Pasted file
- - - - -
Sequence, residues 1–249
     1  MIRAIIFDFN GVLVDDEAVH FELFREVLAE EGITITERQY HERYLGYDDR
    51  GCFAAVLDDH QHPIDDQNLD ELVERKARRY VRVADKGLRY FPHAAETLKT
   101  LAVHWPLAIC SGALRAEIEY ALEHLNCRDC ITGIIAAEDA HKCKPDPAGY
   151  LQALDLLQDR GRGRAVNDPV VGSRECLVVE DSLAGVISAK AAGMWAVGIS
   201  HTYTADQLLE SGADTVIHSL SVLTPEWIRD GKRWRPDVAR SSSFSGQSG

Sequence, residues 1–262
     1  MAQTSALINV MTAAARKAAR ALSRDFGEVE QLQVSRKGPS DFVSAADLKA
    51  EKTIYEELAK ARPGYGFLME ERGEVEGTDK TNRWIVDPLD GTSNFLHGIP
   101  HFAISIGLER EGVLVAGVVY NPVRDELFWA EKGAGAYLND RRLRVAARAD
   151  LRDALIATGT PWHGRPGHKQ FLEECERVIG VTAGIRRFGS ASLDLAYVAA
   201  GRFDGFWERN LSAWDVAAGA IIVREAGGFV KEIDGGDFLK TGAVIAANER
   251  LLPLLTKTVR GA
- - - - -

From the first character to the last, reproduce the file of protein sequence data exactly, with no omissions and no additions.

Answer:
Sequence, residues 1–249
     1  MIRAIIFDFN GVLVDDEAVH FELFREVLAE EGITITERQY HERYLGYDDR
    51  GCFAAVLDDH QHPIDDQNLD ELVERKARRY VRVADKGLRY FPHAAETLKT
   101  LAVHWPLAIC SGALRAEIEY ALEHLNCRDC ITGIIAAEDA HKCKPDPAGY
   151  LQALDLLQDR GRGRAVNDPV VGSRECLVVE DSLAGVISAK AAGMWAVGIS
   201  HTYTADQLLE SGADTVIHSL SVLTPEWIRD GKRWRPDVAR SSSFSGQSG

Sequence, residues 1–262
     1  MAQTSALINV MTAAARKAAR ALSRDFGEVE QLQVSRKGPS DFVSAADLKA
    51  EKTIYEELAK ARPGYGFLME ERGEVEGTDK TNRWIVDPLD GTSNFLHGIP
   101  HFAISIGLER EGVLVAGVVY NPVRDELFWA EKGAGAYLND RRLRVAARAD
   151  LRDALIATGT PWHGRPGHKQ FLEECERVIG VTAGIRRFGS ASLDLAYVAA
   201  GRFDGFWERN LSAWDVAAGA IIVREAGGFV KEIDGGDFLK TGAVIAANER
   251  LLPLLTKTVR GA